"Stan Douglas and the Aesthetic Critique of Urban Decline" in Cultural Studies-Critical Methodologies, 3 (1), 8-21
Over the past two decades, Vancouver-based artist Stan Douglas has produced an evolving body of photographic, slide projection and sound, and film and video installation projects. From nascent large-scale panoramic landscape photographs to intellectually probing multimedia narratives on urbanism's transformations, his works persistently excavate the social, political, and epistemological arbitrariness of modernity's claim to progress. Douglas locates his muse in the decrepit past and fabricates, through technical and material means, visual spaces where irrepressible difficulties and dangers, saliencies, and pleasures emerge. Like the best contemporary visual art forms, Douglas's film and video installations are highly cognitive and perceptual, designed for experience and completion by unforeseeable meanings the viewer may produce. This article explores the implications of Stan Douglas's work for rethinking the social and cultural contexts of education today.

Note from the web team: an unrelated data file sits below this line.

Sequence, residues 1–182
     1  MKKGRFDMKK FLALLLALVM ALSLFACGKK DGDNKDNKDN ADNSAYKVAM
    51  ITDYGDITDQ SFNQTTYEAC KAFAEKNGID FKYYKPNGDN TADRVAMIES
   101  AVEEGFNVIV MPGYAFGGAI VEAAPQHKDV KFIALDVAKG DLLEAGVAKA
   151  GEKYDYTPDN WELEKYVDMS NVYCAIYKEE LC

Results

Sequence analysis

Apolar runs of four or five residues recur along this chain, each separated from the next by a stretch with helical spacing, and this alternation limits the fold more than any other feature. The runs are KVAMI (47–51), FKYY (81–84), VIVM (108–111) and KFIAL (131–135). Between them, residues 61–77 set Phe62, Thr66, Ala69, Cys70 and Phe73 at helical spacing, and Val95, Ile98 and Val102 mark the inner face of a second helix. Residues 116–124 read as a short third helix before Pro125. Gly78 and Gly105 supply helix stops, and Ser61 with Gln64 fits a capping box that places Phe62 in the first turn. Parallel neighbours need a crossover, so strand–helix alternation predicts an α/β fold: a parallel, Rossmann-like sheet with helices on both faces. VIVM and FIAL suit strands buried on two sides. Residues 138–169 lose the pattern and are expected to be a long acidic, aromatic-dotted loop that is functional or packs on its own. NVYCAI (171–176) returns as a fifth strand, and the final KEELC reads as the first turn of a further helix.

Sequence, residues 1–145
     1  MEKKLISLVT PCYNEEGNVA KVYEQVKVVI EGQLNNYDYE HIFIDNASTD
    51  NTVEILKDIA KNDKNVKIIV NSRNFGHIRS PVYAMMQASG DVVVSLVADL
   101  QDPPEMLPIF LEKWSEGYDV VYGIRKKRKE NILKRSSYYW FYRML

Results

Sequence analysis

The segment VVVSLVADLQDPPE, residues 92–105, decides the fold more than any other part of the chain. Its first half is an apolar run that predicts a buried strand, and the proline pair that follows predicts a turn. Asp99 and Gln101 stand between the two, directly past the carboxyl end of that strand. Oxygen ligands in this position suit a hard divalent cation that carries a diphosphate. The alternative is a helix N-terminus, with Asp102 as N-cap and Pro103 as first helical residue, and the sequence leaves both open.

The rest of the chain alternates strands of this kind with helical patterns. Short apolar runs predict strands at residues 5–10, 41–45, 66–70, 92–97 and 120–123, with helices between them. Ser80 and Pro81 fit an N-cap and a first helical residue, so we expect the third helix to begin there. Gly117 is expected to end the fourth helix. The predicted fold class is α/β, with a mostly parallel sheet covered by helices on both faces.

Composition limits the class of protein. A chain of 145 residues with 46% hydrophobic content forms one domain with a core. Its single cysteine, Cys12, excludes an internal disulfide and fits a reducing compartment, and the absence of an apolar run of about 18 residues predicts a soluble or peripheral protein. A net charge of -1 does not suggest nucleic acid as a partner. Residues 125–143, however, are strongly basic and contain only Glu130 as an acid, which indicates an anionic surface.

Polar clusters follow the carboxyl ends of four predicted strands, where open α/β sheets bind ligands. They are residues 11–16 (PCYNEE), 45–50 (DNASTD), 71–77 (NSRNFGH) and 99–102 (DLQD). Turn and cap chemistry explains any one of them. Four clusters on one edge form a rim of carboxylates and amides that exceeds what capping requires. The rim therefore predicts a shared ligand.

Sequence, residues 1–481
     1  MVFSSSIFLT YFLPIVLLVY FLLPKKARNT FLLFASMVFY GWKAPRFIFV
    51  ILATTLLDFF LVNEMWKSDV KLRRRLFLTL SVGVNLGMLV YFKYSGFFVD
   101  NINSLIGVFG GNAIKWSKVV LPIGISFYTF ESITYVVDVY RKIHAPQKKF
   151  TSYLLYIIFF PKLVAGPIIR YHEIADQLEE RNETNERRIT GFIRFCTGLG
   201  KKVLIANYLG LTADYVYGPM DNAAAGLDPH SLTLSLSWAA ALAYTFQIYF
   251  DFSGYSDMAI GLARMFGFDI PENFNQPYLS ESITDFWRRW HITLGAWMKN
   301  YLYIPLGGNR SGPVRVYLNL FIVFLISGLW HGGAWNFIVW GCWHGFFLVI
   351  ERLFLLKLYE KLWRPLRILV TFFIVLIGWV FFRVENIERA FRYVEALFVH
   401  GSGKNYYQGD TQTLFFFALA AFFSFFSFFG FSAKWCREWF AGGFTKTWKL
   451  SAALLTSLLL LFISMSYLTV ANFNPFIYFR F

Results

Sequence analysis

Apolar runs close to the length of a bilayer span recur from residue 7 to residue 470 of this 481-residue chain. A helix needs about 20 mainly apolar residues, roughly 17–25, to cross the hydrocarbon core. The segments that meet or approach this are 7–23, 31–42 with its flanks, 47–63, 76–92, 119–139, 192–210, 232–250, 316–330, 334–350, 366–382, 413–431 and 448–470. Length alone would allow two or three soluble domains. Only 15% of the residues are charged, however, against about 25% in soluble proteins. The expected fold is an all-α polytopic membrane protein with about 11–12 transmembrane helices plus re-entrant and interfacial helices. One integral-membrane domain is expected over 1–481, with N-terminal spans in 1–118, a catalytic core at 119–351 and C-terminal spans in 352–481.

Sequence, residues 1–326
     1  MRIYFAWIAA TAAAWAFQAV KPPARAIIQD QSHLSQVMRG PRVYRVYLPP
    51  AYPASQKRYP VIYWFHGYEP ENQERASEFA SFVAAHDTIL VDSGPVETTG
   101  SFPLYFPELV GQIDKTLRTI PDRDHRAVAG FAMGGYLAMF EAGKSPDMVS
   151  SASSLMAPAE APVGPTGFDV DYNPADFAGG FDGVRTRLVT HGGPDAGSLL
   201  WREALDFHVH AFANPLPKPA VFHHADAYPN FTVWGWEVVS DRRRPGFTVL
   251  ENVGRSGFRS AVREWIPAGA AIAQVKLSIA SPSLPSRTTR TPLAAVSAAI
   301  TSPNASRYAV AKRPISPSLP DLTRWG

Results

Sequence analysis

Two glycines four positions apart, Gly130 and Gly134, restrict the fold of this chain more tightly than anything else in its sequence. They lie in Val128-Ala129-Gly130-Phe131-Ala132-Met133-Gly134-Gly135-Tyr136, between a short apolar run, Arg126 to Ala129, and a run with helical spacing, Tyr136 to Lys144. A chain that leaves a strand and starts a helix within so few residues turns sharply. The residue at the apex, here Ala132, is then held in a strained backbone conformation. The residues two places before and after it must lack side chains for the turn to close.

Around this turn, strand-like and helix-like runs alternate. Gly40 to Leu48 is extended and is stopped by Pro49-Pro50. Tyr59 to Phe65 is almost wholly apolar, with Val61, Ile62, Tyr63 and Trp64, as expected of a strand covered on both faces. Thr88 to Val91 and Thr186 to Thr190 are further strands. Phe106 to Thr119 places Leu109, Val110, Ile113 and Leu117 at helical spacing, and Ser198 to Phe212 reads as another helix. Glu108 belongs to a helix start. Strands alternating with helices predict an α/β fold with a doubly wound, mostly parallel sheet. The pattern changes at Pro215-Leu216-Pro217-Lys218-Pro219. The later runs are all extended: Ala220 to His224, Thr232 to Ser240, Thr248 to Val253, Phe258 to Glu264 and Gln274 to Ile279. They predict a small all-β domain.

Warren Crichlow is an Associate Professor with York University’s Faculty of Education. He teaches both undergraduate and graduate courses on language, teaching and culture.
Other publications from this author include: